The State is Not a Family (Le Journal de Montréal / IRIS)

By Simon Tremblay-Pepin
Originally published on February 26, 2015
See original French text here: http://www.journaldemontreal.com/2015/02/26/letat-nest-pas-une-famille
 
The President of the Treasury Board recently said on the radio that although a family and a state have size differences, the budget of the one and the other must be understood in the same way. This coming from the mouth of someone who has taught economics is highly surprising. When that same person has important political responsibilities, these words become downright irresponsible.

Of course, the state budget has a column for expenditures and one for income, like that of any family. But as Mr. Coiteux knows, the similarity ends there. Let’s see why.

The state has control over the money supply in circulation. If a family tries to print money to do the same, it will have problems with the law. Putting money in circulation is a complex and risky game, but can have important consequences on the level of debt of a country. Quebec does not have this power (some would add: for now), but yes the Canadian government does, through the Central Bank.

The state may see their income increase due to some expenses. Buying a basket of groceries will never increase your income. When the state invests, it creates jobs and provides contracts. It follows an economic stimulus that can increase its tax revenue. On the other hand, and the Quebec government had the painful experience in recent years, when the state constrains its expenses, it can end up with a lower income than it expected.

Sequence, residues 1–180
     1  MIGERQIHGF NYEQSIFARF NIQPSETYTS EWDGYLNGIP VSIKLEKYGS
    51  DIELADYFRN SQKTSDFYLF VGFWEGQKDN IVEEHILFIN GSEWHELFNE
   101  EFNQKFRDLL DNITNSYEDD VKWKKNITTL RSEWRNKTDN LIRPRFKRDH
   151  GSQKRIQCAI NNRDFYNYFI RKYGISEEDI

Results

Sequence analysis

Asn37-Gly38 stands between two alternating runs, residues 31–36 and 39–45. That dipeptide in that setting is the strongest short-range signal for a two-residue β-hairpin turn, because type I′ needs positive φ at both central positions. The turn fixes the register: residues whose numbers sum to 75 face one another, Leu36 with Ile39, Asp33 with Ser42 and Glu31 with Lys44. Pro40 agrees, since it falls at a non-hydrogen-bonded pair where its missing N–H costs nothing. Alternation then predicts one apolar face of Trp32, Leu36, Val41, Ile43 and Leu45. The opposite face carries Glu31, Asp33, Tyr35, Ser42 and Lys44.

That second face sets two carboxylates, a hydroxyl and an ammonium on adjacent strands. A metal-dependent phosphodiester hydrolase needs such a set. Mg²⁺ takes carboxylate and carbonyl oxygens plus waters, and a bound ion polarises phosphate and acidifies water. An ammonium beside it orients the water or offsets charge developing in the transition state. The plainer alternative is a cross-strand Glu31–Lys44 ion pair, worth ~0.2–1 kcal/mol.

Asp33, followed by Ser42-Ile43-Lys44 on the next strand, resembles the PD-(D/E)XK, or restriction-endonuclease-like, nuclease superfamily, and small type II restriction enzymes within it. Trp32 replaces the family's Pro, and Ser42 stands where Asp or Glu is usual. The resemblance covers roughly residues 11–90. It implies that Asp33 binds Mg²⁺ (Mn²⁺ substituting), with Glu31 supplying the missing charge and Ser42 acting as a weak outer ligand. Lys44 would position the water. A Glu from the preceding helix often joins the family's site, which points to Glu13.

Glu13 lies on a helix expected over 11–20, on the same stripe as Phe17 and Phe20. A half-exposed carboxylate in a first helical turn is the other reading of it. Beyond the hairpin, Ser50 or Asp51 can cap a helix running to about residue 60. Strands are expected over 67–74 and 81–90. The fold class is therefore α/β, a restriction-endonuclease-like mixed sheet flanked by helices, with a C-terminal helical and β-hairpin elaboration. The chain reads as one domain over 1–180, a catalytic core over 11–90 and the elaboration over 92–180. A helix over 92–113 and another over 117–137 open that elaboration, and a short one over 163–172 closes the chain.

The state can borrow from its own population. A share of the interest the government pays on its debt is used to fund our pension plans. If you pay the interest on your debt to your family, does it change your perspective on debt? Let’s just say it does not have the same impact as paying 19% of your spending to a bank for your credit card.

The state sets its income level according to his own will. If you could not only determine your salary yourself and you could put your employer in jail if he does not pay you, would the situation be different? By setting the level of taxes itself and having control over the drafting of laws and law enforcement,this is precisely what the state can do.

The State does not have a life expectancy of 80 years. If you were thinking of your household budget considering that it will still be there in two centuries, does your view change? Maybe you would view inflation, debt and the purchase of infrastructure in a different light.

All this does not mean that the state is acting in a world without constraints. Imposing too much or printing too much money has consequences that can be harmful to states; this much is obvious. However, the challenges facing states and households are profoundly different and, ultimately, incomparable. It is laughable to defend the opposite.

***
Translated from the original French by Language and Dissent, a collectively-run blog supporting the anti-austerity struggle in Quebec. These are amateur translations written by volunteers; we have done our best to translate these pieces fairly and coherently, but the final texts may have their flaws. If you find any important errors in any of these texts, we would be very grateful if you would share them with us via email (languageanddissent [at] gmail [dot] com). Please read and distribute these texts in the spirit in which they were intended; that of solidarity and the sharing of information.

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